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How Moms Can be Savvy When Shopping High End

When you become a mother, there are some sacrifices you have to make. Say goodbye to free-time, your pre-baby body and, of course, the biggest loss of them all, designer items. The most exciting purchases you’ll make now are cute baby booties and miniature clothing you…

What to take on a trip with children, so that the suitcase is not overloaded?

To have a good rest during your family holidays, you are to get rid of extra load. It is about material or non-material issues, like business calls and overloaded baggage. It is possible! Since you’ve made up your…

What to take on a trip with children, so that the suitcase is not overloaded?

To have a good rest during your family holidays, you are to get rid of extra load. It is about material or non-material issues, like business calls and overloaded baggage. It is possible! Since you’ve made up your…

Recently my son’s little four-year-old girl friend arrived at our house wearing a very hip and stylish Hannah Montana ensemble. I, of course, have a boy, and have not been privy to the Hannah craze. I was surprised that this little tyke was completely informed and up to speed on all things in Montanaville. When I spoke to another friend who has six-year-old twin girls, he said that they know everything there is to know about the show, and dressing like the lead character, well, duh… of course they do.

I remember when my son was born, how outfits with Winnie the Pooh and Mickey Mouse were given to me as gifts. I also remember returning some of them determined to be that mom who didn’t buy into marketing ploys. Instead I preferred classic and traditional over obnoxious and commercialized. As he grew, I refused to buy Sesame Street diapers and anything Elmo. I picked zoo animals as his bedroom theme over Buzz Lightyear or Clifford the Big Red Dog. I wanted him to be stimulated by creatures of the sea, dinosaurs or bugs found in books, flashcards and the many excursions we made outdoors. It was my opinion that all of the marketing and advertising wouldn’t affect him if I didn’t let it, and our house would not be full of TV characters and movie images.

Now that he’s three, I have to admit that Speed McQueen and Diego do tend to dominate his world. He has his favourite Cars t-shirt, toothpaste, PJs, and bed spread, along with his Diego light-up runners, rescues-pack and adventurer socks. Suddenly these things represent cool, neat, and fun. He will dig through his drawers to find his Wingo t-shirt and go looking in the laundry basket for his Nemo swim trunks. At no point did I tell him or show him that there is a connection between his clothing, his feelings and these personified images. He learned it quickly and completely, the way any marketing master would have planned as he imagined selling to kids and selling big.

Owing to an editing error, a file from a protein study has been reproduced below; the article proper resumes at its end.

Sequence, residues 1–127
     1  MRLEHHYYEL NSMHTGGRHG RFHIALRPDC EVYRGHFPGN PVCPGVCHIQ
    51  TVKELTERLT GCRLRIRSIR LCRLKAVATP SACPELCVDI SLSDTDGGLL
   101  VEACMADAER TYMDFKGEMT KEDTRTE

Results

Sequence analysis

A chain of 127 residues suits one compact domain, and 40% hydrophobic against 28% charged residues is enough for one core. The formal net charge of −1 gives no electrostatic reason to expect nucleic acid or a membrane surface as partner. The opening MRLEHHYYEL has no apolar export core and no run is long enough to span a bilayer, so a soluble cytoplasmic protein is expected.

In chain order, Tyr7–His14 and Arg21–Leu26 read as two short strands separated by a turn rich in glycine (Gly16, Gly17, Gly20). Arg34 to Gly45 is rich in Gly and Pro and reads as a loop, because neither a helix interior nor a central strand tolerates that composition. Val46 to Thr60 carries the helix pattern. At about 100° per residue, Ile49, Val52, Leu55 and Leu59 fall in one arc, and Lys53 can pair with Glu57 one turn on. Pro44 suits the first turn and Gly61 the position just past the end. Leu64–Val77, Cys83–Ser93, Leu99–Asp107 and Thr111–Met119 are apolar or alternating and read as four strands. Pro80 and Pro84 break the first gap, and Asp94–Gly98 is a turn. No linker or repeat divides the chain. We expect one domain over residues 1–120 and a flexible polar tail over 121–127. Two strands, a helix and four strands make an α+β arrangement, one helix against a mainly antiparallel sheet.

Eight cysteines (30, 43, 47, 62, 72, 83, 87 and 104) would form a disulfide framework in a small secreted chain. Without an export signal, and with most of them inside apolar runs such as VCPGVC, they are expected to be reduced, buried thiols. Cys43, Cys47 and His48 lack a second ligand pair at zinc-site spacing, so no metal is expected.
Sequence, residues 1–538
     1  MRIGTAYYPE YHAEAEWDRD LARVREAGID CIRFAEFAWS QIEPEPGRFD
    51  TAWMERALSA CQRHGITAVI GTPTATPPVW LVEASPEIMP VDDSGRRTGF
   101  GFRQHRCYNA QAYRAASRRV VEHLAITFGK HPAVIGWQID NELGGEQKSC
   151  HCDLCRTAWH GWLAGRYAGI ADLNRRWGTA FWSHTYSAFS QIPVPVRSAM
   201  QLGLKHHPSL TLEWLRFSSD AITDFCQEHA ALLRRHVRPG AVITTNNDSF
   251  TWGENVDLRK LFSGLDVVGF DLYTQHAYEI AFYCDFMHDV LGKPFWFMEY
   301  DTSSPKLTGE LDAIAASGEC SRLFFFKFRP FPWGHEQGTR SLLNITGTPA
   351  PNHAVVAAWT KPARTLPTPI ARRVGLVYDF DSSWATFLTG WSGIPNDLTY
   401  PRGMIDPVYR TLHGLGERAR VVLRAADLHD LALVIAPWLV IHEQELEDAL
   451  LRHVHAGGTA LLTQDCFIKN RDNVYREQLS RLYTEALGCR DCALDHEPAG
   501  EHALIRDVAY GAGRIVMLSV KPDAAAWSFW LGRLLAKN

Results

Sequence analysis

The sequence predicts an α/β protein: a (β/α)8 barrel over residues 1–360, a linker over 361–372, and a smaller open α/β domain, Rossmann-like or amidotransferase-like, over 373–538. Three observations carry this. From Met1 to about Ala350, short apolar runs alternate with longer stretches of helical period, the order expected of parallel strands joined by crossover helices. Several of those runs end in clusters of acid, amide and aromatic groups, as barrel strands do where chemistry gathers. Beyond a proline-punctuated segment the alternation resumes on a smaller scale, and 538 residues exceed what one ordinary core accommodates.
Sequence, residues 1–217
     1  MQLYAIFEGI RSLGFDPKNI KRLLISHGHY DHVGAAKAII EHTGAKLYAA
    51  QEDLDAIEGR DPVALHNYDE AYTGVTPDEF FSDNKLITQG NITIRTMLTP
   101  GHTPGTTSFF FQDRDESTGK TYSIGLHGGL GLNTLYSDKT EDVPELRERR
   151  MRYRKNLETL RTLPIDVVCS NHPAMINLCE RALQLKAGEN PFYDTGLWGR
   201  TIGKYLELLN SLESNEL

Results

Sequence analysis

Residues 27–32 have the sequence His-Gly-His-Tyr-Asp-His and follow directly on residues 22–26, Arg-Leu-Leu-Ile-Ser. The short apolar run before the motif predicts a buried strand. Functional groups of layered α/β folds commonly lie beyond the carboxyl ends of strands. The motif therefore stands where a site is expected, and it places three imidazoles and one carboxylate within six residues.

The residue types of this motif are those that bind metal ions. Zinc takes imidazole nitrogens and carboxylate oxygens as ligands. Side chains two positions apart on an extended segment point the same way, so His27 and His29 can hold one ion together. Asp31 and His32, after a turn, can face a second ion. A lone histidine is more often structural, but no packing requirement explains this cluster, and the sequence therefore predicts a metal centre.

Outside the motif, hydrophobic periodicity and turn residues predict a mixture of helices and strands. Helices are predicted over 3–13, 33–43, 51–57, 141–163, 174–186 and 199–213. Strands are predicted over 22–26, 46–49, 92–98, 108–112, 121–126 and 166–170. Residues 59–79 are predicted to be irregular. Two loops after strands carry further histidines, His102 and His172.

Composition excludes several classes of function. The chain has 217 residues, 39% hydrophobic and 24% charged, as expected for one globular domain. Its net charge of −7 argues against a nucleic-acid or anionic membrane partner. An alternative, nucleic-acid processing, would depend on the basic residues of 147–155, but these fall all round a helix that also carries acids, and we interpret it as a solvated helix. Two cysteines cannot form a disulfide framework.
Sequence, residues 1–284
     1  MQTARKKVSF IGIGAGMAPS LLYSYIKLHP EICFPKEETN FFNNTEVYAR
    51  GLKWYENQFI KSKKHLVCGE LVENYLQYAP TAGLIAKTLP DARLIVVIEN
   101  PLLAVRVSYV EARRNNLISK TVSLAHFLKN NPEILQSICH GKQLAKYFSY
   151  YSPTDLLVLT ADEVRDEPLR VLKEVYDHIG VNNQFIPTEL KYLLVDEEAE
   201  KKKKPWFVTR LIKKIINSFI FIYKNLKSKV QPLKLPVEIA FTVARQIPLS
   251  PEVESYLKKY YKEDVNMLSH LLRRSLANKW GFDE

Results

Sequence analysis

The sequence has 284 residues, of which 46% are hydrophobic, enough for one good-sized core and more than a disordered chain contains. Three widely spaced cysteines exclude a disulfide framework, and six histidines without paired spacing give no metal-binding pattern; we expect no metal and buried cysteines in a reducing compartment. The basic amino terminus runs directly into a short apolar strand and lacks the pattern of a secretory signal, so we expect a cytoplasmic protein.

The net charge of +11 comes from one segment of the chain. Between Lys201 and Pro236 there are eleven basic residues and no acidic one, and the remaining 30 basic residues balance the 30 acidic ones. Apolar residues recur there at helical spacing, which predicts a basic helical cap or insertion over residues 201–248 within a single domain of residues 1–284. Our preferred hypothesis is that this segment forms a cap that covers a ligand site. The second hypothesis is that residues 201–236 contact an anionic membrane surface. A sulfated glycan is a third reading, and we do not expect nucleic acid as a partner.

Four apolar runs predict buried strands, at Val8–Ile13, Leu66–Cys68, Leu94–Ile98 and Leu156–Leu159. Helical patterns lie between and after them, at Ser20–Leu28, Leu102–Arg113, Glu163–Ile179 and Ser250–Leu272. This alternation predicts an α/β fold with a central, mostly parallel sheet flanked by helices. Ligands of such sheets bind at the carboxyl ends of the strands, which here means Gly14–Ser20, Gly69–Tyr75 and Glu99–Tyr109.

At the moment my biggest concern is the Bob the Builder underpants he wants. Next year I imagine it will be Spiderman and Shrek, then Harry Potter or Luke Skywalker. Still, I have a few years before it is anything I won’t completely understand or something I’ll utterly disagree with. And yet when he becomes a teenager, how can my hopes for endangered animals or real life heroes compete with celebrities and multimillion dollar advertising budgets that highlight speed, money, rebellion and all things hip? Or in the case of my daughter (still only 10 months), beauty, glitz, glam and sex appeal.

These and other images are what our children are seeing and imprinting as as an acceptable representation of fashion in today’s society. Their suggestive posturing and barely-there clothing convey distinct message, and our kids are buying into it. It seems that as they move from toddler to teen, their focus becomes being the image and then becoming the person. What I was taught was to be your own person and create a unique image.

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Comment by Kerry Sauriol on September 6, 2008 at 7:09pm